“The NORSAT-TD satellite's propulsion capacity thanks to ThrustMe’s iodine propulsion system, and the suite of precise navigation payloads onboard, gives the mission key capabilities needed to demonstrate the main CREAM* functionalities, which currently are under development in the ESA Space Safety Programme”, says Tim Flohrer, head ESA's Space Debris Office.

CNES will also support the evaluation of the thruster performances and precise navigation payloads with accurate ranging measurements done from Nice optical geodesy station.

About ThrustMe

ThrustMe offers critical solutions for the growing space industry which is facing new challenges due to the rise of satellite constellations. As experts in in-space propulsion and satellite orbital maneuvering strategies, ThrustMe enables a future where space is used sustainably to create value both on Earth, and beyond. Founded in 2017, ThrustMe has a complete portfolio of game-changing turnkey propulsion products that have already been tested in space and delivered to clients worldwide. The company made history in 2020 with the world’s first in-orbit demonstration of an iodine-fueled electric propulsion system: a technology that has the potential to revolutionize the entire industry.

About the NPT30-I2

Named after the farthest known planet in our Solar System, Neptune (in short NP), the Thruster(T) can operate with a minimum power of 30 W (30) and using iodine (I2) as the propellant. The NPT30 is an intelligent, turnkey, electric propulsion system using solid iodine propellant and designed for the next generation of cost-capped and streamlined satellites sent into space on a ride-share basis. It provides the very high total impulse that these satellites need for deployment, significant orbit changes, collision avoidance maneuvers, and finally, end-of-life removal to reduce space debris and free up important operational orbits.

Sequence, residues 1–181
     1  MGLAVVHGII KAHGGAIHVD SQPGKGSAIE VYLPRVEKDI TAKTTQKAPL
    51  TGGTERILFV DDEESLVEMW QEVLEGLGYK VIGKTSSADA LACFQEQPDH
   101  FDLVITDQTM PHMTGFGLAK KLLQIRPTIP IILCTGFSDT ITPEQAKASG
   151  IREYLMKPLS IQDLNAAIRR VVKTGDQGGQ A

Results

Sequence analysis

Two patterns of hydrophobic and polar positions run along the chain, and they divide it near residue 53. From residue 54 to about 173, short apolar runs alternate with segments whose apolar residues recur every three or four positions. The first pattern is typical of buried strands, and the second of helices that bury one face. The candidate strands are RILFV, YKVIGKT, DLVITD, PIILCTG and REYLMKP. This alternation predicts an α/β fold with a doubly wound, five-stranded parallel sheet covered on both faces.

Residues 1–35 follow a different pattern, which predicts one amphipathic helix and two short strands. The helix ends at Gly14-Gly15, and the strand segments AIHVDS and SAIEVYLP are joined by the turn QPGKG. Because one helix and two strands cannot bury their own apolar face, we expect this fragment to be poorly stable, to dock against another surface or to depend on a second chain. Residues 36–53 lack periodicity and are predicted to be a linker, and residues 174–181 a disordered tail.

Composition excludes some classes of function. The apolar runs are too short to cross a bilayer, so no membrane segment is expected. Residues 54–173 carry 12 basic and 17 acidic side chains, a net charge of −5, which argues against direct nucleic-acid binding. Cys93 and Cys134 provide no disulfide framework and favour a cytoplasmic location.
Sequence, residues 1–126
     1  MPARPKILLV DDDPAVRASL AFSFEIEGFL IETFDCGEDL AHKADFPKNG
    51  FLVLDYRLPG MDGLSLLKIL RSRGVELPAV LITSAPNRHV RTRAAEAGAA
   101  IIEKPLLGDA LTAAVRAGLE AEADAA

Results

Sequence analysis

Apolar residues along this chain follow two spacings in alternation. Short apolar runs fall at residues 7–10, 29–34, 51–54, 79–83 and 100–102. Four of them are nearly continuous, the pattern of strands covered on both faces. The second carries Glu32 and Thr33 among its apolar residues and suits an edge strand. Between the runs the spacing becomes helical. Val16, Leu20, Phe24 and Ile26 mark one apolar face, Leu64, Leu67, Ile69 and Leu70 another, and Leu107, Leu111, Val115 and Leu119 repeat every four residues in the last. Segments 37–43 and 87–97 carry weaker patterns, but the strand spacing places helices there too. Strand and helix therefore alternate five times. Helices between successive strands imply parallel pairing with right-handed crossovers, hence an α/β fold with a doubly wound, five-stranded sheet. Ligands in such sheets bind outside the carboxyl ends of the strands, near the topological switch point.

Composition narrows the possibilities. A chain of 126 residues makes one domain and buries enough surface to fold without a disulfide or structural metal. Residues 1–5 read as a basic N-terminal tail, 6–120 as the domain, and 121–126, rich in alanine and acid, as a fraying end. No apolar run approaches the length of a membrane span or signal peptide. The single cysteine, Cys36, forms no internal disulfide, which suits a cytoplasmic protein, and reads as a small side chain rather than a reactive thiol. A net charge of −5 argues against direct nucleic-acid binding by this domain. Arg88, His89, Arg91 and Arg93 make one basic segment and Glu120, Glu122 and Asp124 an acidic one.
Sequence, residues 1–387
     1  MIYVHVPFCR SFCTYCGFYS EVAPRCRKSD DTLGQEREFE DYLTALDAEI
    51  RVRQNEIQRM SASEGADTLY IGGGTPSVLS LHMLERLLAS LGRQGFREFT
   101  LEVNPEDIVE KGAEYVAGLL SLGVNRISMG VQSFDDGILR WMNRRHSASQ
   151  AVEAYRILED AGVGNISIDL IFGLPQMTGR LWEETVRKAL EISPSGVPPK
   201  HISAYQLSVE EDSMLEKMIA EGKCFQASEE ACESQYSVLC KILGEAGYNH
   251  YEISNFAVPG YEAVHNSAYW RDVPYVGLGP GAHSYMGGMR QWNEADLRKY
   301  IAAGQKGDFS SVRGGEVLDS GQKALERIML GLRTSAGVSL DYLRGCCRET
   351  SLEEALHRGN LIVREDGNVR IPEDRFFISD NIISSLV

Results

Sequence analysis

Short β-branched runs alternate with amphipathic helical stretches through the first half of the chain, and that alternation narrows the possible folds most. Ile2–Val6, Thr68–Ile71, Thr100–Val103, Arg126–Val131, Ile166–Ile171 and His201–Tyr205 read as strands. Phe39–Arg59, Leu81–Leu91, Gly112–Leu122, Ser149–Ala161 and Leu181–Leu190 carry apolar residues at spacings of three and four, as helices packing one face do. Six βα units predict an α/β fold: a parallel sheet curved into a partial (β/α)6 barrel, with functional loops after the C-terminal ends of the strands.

About the Norwegian Space Agency

The Norwegian Space Agency (NOSA) located in Oslo, Norway is a government agency under the Ministry of Trade, Industry and Fisheries. The Agency was established in 1987, when Norway became a member of the European Space Agency (ESA).

NOSA is responsible for organizing Norwegian space activities, particularly with respect to ESA and the EU, and for coordinating national space activities such as the NorSat-TD project.

About the NORSAT-TD satellite

NorSat-TD will host six IOD payloads from four nations; Norway, The Netherlands, France and Italy. Some of the missions include: 2-way VHF Data Exchange maritime communication, demonstrate a pseudo-constellation of VDES satellites. New CubeSat VDE-SAT terminal – Space Norway (Norway). Collect Automatic Identification System (AIS) messages from a high- performance CubeSat AIS/IoT receiver – Kongsberg Seatex (Norway). Demonstrate a robust optical laser communication with an experimental CubeSat terminal – The Netherlands Space Office/ TNO (The Netherlands). Perform collision avoidance and satellite operations with a new iodine ion thruster –ThrustMe (France). Support Satellite Laser Ranging with a new miniaturized reflector – SCF_Lab (Italy). Verify sub-decimeter augmented GPS positioning inreal-time with CubeSat receiver - Fugro (Norway) NorSat-TD is designed and produced by UTIAS-SFL and will measure 30 x 30 x 40 centimetres and weigh approximately 35 kilos, larger than the previous NorSat-1 and -2 satellites at 20 x 20 x 40 centimetres, weighing approximately 16 kilos.